Texas Medical Power of Attorney

Do you, your spouse, your parents, or another loved one need a Medical Power of Attorney?  I wish there were a simple answer to that question, but like so many things, the answer is . . . maybe.

A Medical Power of Attorney is a critical part of an individual’s incapacity plan and estate plan.  The fact is that if you live long enough, there will come a time when you are unable to make your own medical decisions.  We all hope that this will not happen to us. Still, as the population ages, more and more people find themselves with diminished capacity. Then you must depend on family and friends to make the appropriate decisions for them.

Sadly, there are instances where the person who comes forward to make decisions may not put what is in your best interests first.  Maybe they are not an appropriate person to make decisions for you.  Sometimes this can lead to exploitation and abuse.  To choose who will make decisions for you, you should consider executing a Texas Medical Power of Attorney.

An important thing to point out is that evaluating and implementing a Medical Power of Attorney requires advanced planning; it is an important legal document with severe effects that may directly impact your healthcare.  After consulting with an attorney, it is important to execute a Medical Power of Attorney before needing it. Once the actual need for a power of attorney arises due to incapacity or a medical condition, it is often too late.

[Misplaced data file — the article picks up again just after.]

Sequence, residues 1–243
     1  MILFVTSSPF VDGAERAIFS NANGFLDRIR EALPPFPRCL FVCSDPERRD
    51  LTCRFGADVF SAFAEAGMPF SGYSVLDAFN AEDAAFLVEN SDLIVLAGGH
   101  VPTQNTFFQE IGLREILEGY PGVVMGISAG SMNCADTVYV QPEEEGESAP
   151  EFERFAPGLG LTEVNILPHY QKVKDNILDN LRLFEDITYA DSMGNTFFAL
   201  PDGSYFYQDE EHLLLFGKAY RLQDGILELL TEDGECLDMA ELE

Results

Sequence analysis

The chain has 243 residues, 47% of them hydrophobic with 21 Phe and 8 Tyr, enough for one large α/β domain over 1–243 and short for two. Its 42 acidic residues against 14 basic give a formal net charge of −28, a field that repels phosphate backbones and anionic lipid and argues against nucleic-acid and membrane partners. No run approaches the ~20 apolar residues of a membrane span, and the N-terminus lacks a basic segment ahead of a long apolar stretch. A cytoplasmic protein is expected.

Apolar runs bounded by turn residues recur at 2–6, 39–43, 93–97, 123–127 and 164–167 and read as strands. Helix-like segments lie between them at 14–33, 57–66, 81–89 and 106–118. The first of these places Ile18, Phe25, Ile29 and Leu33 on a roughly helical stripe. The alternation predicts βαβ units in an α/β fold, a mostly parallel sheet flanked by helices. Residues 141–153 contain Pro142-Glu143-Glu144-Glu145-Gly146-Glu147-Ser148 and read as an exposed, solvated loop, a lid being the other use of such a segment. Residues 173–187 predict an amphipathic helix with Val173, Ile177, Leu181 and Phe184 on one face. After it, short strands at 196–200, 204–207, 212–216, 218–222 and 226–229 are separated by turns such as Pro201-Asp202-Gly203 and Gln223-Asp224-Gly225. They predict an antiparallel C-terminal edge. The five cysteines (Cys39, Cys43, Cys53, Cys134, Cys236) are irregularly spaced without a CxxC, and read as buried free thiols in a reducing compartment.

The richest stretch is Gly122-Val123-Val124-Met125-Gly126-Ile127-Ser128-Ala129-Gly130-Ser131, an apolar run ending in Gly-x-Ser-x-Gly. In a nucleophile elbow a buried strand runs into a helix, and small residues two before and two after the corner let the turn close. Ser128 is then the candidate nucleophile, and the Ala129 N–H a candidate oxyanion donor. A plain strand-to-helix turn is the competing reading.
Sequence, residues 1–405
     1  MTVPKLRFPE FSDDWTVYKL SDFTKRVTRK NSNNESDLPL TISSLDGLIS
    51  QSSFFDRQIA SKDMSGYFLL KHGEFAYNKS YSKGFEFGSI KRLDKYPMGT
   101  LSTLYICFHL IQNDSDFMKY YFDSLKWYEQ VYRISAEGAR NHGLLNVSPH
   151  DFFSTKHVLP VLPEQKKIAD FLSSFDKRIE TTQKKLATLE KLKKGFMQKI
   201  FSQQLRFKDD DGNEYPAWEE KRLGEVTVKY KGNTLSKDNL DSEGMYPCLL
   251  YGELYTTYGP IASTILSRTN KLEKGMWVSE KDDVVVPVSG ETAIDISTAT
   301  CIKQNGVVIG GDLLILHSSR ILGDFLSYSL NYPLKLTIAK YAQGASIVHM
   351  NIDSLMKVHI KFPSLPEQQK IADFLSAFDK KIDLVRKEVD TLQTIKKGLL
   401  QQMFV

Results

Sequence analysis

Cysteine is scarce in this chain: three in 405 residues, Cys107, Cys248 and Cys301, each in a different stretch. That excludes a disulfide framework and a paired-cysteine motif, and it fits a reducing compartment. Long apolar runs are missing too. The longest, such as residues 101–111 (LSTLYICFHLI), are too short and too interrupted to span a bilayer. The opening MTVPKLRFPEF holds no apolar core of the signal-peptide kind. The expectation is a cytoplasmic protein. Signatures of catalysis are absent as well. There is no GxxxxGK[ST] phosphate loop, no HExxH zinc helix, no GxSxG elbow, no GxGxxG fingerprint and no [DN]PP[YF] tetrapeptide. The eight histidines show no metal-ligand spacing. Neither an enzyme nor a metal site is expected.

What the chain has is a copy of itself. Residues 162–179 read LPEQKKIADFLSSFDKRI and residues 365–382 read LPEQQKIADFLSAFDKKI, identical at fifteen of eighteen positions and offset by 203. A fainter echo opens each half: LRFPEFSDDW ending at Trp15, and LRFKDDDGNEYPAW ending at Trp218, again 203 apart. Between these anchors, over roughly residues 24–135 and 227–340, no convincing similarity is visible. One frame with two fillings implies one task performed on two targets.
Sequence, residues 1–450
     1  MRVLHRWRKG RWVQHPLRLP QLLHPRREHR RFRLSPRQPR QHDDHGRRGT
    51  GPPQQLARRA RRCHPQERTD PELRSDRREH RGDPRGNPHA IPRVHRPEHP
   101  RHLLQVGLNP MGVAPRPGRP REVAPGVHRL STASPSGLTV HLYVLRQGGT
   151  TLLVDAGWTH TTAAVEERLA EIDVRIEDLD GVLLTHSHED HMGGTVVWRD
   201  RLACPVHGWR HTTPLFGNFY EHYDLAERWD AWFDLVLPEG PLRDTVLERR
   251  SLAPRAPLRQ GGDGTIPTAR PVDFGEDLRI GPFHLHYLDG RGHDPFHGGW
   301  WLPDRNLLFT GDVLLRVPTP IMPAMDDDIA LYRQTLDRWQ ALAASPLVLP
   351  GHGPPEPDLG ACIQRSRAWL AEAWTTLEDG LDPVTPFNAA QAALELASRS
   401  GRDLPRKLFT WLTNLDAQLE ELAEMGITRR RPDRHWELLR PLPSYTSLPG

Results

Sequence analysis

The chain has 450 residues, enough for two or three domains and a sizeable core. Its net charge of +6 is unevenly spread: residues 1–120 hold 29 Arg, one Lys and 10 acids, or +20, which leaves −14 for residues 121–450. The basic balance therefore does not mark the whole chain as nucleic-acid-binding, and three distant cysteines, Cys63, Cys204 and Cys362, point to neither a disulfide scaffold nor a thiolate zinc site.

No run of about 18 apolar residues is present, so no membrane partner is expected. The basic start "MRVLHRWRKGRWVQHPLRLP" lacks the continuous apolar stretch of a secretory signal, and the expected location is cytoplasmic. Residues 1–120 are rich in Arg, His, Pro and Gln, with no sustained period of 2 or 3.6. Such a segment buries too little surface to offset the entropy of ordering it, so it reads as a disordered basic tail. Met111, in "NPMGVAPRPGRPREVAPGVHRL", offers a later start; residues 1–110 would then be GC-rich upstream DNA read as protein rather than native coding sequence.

What exactly is a Texas Medical Power of Attorney?

Stated, when properly prepared and executed, a Texas Medical Power of Attorney is a written legal document that identifies the person or persons (Agent or Agents) that you (the Principal) have selected to make medical decisions for you if you can’t make medical decisions for yourself.

The typical Power of Attorney will (1) identify the Principal, (2) identify the Agent(s), (3) outline any Restrictions on the Agent’s authority, (4) outline and Limitations of the Power of Attorney, (5) designate the duration of the Power of Attorney, (6) revoke prior Agent Designations, (7) contain a disclosure statement, and (8) may include a HIPAA release.

1. The Principal

The Texas legislature has defined “principal” as an adult who executed the Medical Power of Attorney.  Under Texas law, an adult means a person over 18 years of age or a person who has removed the disabilities of a minority.  In simple terms, the Principal is the person signing the Medical Power of Attorney. Designating another person to make medical decisions for them.

2. The Agent

Similarly, the Texas legislature has defined “agent” as an adult to whom authority to make health care decisions is delegated under a Medical Power of Attorney.  Agents are the trusted individuals you choose and designate to make health care decisions for you if you cannot make them for yourself.  Choosing the right person or persons is a crucial decision.  The individual selected should be familiar with your wishes, including any religious values, moral beliefs, or personal beliefs that may affect or impact the medical treatment you wish to receive.

The Agent is charged with the duty to make decisions on your behalf based on the Agent’s understanding of your wishes.  If the Agent does not understand your desires, then the Agent is charged with making decisions that she believes to be in your best interest.  It is important to name an Agent that is someone you know and trust.

You may name a single individual as Agent; you may name multiple co-Agents to serve together or designate a series of Agents to aid in succession.  It is important to discuss the selection of your Agent(s) with the Agent and a licensed Texas attorney.

3. Restrictions